The intersection of the line B e with the arc h, which we will term the point n, represents the location of the inner angle of the exit pallet. We have already explained how we located the position of the outer angle at o. We draw the line n o and define the impulse face of the exit pallet. If we mentally analyze the problem in hand, we will see that as the exit pallet vibrates through its ten degrees of arc the line B d and B c change places, and the tooth D’’ locks one and a half degrees. To delineate the locking face of the exit pallet, we erect a perpendicular to the line B e from the point n, as shown by the line n p.
From n as a center we sweep the short arc t t, and from its intersection with the line n p we lay off twelve degrees, and through the point so established we draw the line n u, which defines the locking face of the exit pallet. We draw the line o o’ parallel with n u and define the outer face of said pallet. In Fig. 21 we have not made any attempt to show the full outline of the pallets, as they are delineated in precisely the same manner as those previously shown.
We shall next describe the delineation of a club-tooth escapement with pallets having equidistant locking faces; and in Fig. 22 we shall show pallets with much wider arms, because, in this instance, we shall derive more of the impulse from the pallets than from the teeth. We do this to show the horological student the facility with which the club-tooth lever escapement can be manipulated. We wish also to impress on his mind the facts that the employment of thick pallet arms and thin pallet arms depends on the teeth of the escape wheel for its efficiency, and that he must have knowledge enough of the principles of action to tell at a glance on what lines the escapement was constructed.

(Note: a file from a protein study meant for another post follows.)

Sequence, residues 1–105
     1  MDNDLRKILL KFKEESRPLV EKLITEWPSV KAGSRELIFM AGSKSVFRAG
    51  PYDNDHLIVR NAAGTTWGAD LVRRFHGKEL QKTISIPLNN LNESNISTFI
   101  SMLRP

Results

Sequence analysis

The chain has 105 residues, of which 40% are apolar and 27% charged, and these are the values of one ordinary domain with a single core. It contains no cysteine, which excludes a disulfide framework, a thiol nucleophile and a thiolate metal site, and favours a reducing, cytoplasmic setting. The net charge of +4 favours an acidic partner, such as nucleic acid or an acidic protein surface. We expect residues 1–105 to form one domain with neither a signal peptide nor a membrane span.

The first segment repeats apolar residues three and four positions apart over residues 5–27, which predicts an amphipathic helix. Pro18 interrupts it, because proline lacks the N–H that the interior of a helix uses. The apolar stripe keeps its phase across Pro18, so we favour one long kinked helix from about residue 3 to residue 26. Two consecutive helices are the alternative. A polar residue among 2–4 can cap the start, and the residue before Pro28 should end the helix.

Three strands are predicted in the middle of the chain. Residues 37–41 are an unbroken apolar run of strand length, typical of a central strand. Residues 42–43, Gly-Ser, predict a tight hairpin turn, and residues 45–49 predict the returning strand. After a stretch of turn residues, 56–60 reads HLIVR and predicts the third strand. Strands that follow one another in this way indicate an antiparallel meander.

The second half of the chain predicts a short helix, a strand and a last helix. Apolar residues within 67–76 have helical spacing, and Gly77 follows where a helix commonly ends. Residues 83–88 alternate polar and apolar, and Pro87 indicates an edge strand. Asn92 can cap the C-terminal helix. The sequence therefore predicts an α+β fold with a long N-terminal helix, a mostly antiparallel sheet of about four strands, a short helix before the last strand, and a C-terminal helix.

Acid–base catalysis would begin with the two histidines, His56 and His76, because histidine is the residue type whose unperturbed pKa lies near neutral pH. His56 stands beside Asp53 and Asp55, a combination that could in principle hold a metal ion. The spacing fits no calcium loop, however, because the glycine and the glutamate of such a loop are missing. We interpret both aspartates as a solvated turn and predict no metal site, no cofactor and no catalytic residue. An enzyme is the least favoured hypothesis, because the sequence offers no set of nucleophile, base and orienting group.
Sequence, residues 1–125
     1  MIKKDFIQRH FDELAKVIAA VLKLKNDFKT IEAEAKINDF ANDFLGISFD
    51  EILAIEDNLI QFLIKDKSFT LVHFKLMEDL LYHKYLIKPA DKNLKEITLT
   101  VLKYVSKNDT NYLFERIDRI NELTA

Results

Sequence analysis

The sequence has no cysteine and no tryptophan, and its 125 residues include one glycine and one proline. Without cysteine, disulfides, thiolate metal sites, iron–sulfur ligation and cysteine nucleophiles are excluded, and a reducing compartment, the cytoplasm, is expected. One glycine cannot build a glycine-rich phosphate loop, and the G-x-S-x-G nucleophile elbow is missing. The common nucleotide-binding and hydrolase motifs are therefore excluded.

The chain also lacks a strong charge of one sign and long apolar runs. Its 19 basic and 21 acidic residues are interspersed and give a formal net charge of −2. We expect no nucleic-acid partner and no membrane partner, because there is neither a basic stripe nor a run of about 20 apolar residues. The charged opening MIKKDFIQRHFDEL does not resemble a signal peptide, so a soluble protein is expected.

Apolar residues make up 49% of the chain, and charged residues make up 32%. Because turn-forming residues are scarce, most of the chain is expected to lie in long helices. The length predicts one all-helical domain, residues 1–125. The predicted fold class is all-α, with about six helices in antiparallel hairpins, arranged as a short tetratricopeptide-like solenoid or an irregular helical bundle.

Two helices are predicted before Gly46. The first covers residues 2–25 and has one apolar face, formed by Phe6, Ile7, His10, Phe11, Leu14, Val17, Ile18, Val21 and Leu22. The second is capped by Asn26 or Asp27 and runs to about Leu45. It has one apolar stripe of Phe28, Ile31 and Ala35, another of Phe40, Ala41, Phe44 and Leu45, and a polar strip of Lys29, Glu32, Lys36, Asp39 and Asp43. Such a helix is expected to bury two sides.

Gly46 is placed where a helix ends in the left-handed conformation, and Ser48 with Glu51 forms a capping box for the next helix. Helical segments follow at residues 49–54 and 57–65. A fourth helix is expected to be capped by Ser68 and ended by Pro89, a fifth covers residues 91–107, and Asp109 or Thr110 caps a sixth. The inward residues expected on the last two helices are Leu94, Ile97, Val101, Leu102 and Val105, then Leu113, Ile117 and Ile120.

Suppose, for illustration, we get hold of a watch which has thin pallet arms, or stones, if they are exposed pallets, and the escape was designed for pallets with thick arms. There is no sort of tinkering we can do to give such a watch a good motion, except to change either the escape wheel or the pallets. If we know enough of the lever escapement to set about it with skill and judgment, the matter is soon put to rights; but otherwise we can look and squint, open and close the bankings, and tinker about till doomsday, and the watch be none the better.
In drawing a club-tooth lever escapement with equidistant locking, we commence, as on former occasions, by producing the vertical line A k, Fig. 22, and establishing the center of the escape wheel at A, and with the dividers set at 5” sweep the pitch circle a. On each side of the intersection of the vertical line A k with the arc a we set off thirty degrees on said arc, and through the points so established draw the radial lines A b and A c.